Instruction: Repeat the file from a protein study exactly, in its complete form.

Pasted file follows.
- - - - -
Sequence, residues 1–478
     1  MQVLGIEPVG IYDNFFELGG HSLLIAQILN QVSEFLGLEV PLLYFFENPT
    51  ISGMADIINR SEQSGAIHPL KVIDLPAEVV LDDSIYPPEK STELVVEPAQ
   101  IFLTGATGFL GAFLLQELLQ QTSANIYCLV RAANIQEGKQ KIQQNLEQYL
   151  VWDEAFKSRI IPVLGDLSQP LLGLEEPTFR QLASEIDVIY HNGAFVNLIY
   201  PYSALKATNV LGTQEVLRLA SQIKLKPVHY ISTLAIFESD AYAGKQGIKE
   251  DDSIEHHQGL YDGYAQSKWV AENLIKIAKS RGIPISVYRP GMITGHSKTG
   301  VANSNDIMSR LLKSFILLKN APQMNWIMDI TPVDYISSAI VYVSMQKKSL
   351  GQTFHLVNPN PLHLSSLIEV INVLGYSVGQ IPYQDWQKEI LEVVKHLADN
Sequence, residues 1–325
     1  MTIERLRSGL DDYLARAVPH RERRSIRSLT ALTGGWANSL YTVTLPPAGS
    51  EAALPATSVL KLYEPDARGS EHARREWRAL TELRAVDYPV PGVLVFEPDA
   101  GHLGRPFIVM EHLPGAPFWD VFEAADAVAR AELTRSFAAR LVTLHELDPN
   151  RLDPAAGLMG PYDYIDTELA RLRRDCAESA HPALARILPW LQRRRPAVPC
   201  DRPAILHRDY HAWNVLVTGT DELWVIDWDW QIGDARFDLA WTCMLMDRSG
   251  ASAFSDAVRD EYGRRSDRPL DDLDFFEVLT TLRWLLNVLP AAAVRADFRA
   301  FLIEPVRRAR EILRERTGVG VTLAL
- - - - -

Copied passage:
Sequence, residues 1–478
     1  MQVLGIEPVG IYDNFFELGG HSLLIAQILN QVSEFLGLEV PLLYFFENPT
    51  ISGMADIINR SEQSGAIHPL KVIDLPAEVV LDDSIYPPEK STELVVEPAQ
   101  IFLTGATGFL GAFLLQELLQ QTSANIYCLV RAANIQEGKQ KIQQNLEQYL
   151  VWDEAFKSRI IPVLGDLSQP LLGLEEPTFR QLASEIDVIY HNGAFVNLIY
   201  PYSALKATNV LGTQEVLRLA SQIKLKPVHY ISTLAIFESD AYAGKQGIKE
   251  DDSIEHHQGL YDGYAQSKWV AENLIKIAKS RGIPISVYRP GMITGHSKTG
   301  VANSNDIMSR LLKSFILLKN APQMNWIMDI TPVDYISSAI VYVSMQKKSL
   351  GQTFHLVNPN PLHLSSLIEV INVLGYSVGQ IPYQDWQKEI LEVVKHLADN
Sequence, residues 1–325
     1  MTIERLRSGL DDYLARAVPH RERRSIRSLT ALTGGWANSL YTVTLPPAGS
    51  EAALPATSVL KLYEPDARGS EHARREWRAL TELRAVDYPV PGVLVFEPDA
   101  GHLGRPFIVM EHLPGAPFWD VFEAADAVAR AELTRSFAAR LVTLHELDPN
   151  RLDPAAGLMG PYDYIDTELA RLRRDCAESA HPALARILPW LQRRRPAVPC
   201  DRPAILHRDY HAWNVLVTGT DELWVIDWDW QIGDARFDLA WTCMLMDRSG
   251  ASAFSDAVRD EYGRRSDRPL DDLDFFEVLT TLRWLLNVLP AAAVRADFRA
   301  FLIEPVRRAR EILRERTGVG VTLAL